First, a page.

Confocal laser scanning microscopy (Zeiss) was used for counting fluorescent-labeled cells. It was performed using a 40X-oil objective on a 1 in 10 series of sections through the entire DG. In all cases, 8 hippocampi per animal of each experimental group were randomly selected within each series and analyzed. For survival and differentiation analysis, 32 mice (n=4-6 per group) were given BrdU 4 weeks prior to perfusion; of these, only 27 were analyzed due to 1 death, 1 damaged brain tissue, and 3 exclusions due to inefficient recombination in NPCs: -tam/-corticosterone, n=6; -tam/+corticosterone, n=5; +tam/-corticosterone, n=4; +tam/+corticosterone, n=4; GrloxP/loxP –tam/+corticosterone, n=4; GrloxP/loxP +tam/+corticosterone, n=4. BrdU+ cells were counted in 8 hippocampi of 2 series and multiplied by 10 to represent total numbers throughout DG and hilus. Area of DG and hilus were measured using Stereo Investigator software.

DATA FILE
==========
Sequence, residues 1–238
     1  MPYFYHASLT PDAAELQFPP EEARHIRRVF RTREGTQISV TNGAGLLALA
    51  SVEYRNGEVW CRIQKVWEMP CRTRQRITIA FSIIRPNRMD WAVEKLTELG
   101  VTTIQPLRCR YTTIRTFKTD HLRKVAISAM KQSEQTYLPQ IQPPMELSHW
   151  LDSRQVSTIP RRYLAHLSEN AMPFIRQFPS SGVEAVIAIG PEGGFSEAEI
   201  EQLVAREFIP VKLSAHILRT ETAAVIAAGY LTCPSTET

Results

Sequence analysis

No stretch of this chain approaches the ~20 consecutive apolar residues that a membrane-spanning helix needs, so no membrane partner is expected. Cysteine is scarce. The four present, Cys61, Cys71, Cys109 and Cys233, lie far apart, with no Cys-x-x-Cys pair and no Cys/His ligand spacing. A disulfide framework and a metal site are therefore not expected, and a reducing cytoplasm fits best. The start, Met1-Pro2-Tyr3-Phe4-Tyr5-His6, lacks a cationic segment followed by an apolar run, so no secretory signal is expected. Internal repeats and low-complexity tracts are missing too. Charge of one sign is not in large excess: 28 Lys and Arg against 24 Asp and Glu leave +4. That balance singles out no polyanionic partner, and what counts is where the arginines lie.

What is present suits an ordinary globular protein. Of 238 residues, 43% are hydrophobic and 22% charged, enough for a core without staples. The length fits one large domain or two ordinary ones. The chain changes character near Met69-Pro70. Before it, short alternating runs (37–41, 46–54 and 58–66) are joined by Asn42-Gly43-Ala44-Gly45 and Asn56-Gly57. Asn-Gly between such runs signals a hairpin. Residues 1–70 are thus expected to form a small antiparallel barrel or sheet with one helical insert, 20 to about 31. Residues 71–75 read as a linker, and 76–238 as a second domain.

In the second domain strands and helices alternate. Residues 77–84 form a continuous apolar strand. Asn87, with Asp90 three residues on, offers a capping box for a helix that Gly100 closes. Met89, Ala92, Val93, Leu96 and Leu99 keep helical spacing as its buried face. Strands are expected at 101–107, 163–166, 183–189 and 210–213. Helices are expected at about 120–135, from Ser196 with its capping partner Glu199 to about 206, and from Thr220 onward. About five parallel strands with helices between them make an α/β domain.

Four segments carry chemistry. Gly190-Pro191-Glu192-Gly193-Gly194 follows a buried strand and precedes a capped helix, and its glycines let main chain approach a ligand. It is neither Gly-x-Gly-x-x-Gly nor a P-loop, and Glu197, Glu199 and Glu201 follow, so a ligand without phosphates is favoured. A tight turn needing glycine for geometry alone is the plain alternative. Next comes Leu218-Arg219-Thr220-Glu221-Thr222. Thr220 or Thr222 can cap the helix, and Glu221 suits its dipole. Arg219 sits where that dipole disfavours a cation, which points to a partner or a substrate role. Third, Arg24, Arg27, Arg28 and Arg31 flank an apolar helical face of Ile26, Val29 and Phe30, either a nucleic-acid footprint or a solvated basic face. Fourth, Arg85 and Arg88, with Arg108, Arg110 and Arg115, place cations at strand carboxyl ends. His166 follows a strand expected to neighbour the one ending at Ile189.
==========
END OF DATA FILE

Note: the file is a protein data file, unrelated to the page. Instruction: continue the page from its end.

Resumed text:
Results are expressed as means±s.e.m. Statistical analysis was performed using Student t-tests when comparing effect of corticosterone between controls, and two-way ANOVA for comparing all groups. Analyses were followed by Dunnett’s or Newman-Keuls post-hoc tests for pairwise comparisons, as appropriate. * indicates p<0.05.
Table of contents :
CHAPTER 1 Introduction
1.1 Scope of thesis
1.2 Stress and neurogenesis in the mammalian central nervous system
1.3 The role of glucocorticoids in hippocampal neuroplasticity
1.4 The role of neurogenesis in hippocampal function
1.5 Functional significance of stress-induced changes to neurogenesis
CHAPTER 2 Regulation of adult hippocampal neurogenesis by GR in newborn neurons
2.5 Materials and Methods
2.6 Figures and Legends
CHAPTER 3 Functional contributions of the glucocorticoid receptor in adult neurogenesis
3.5 Materials and Methods
3.6 Figures and Legends
CHAPTER 4 Introduction to general discussion
4.1 Introduction to general discussion
4.2 CreERT2-mediated GR gene inactivation in neural progenitor cells
4.3 Glucocorticoid receptor signaling in the neurogenic niche
4.4 GR signaling in adult-born granule cells: implications for stress-related brain disorders
4.5 Future directions
CHAPTER 5 References